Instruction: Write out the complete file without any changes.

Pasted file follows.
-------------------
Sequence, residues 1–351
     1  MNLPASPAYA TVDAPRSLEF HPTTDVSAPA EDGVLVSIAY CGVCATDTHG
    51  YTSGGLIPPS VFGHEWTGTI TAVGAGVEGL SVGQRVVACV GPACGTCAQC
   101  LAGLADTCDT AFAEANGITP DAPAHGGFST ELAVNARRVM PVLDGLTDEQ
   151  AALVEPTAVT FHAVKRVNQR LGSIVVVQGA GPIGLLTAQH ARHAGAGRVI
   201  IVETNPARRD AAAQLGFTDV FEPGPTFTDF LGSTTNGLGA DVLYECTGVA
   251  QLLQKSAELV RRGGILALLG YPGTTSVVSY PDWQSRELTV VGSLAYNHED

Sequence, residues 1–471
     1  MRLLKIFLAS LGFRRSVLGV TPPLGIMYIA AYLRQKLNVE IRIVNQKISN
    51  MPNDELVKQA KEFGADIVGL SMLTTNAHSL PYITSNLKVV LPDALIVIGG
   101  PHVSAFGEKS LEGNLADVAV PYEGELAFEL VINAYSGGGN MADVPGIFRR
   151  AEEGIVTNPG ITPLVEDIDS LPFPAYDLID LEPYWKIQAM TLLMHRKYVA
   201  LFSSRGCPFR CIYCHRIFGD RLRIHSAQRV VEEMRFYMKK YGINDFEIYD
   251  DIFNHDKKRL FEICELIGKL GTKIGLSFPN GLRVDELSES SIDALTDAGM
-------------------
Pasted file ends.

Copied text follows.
Sequence, residues 1–351
     1  MNLPASPAYA TVDAPRSLEF HPTTDVSAPA EDGVLVSIAY CGVCATDTHG
    51  YTSGGLIPPS VFGHEWTGTI TAVGAGVEGL SVGQRVVACV GPACGTCAQC
   101  LAGLADTCDT AFAEANGITP DAPAHGGFST ELAVNARRVM PVLDGLTDEQ
   151  AALVEPTAVT FHAVKRVNQR LGSIVVVQGA GPIGLLTAQH ARHAGAGRVI
   201  IVETNPARRD AAAQLGFTDV FEPGPTFTDF LGSTTNGLGA DVLYECTGVA
   251  QLLQKSAELV RRGGILALLG YPGTTSVVSY PDWQSRELTV VGSLAYNHED

Sequence, residues 1–471
     1  MRLLKIFLAS LGFRRSVLGV TPPLGIMYIA AYLRQKLNVE IRIVNQKISN
    51  MPNDELVKQA KEFGADIVGL SMLTTNAHSL PYITSNLKVV LPDALIVIGG
   101  PHVSAFGEKS LEGNLADVAV PYEGELAFEL VINAYSGGGN MADVPGIFRR
   151  AEEGIVTNPG ITPLVEDIDS LPFPAYDLID LEPYWKIQAM TLLMHRKYVA
   201  LFSSRGCPFR CIYCHRIFGD RLRIHSAQRV VEEMRFYMKK YGINDFEIYD
   251  DIFNHDKKRL FEICELIGKL GTKIGLSFPN GLRVDELSES SIDALTDAGM